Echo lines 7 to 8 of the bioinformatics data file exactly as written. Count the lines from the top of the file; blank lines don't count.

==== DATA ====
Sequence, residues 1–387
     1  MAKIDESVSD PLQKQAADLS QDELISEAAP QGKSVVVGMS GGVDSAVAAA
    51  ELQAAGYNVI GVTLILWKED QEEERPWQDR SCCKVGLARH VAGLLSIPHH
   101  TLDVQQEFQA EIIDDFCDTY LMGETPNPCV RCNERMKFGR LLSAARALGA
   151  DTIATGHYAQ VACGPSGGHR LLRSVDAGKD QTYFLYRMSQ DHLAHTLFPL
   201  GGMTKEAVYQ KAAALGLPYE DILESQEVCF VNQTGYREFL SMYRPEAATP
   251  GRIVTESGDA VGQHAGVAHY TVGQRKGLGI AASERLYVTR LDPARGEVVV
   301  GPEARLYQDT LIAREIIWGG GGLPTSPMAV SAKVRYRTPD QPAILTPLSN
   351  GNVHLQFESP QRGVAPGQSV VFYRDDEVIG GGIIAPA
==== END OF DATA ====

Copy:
   251  GRIVTESGDA VGQHAGVAHY TVGQRKGLGI AASERLYVTR LDPARGEVVV
   301  GPEARLYQDT LIAREIIWGG GGLPTSPMAV SAKVRYRTPD QPAILTPLSN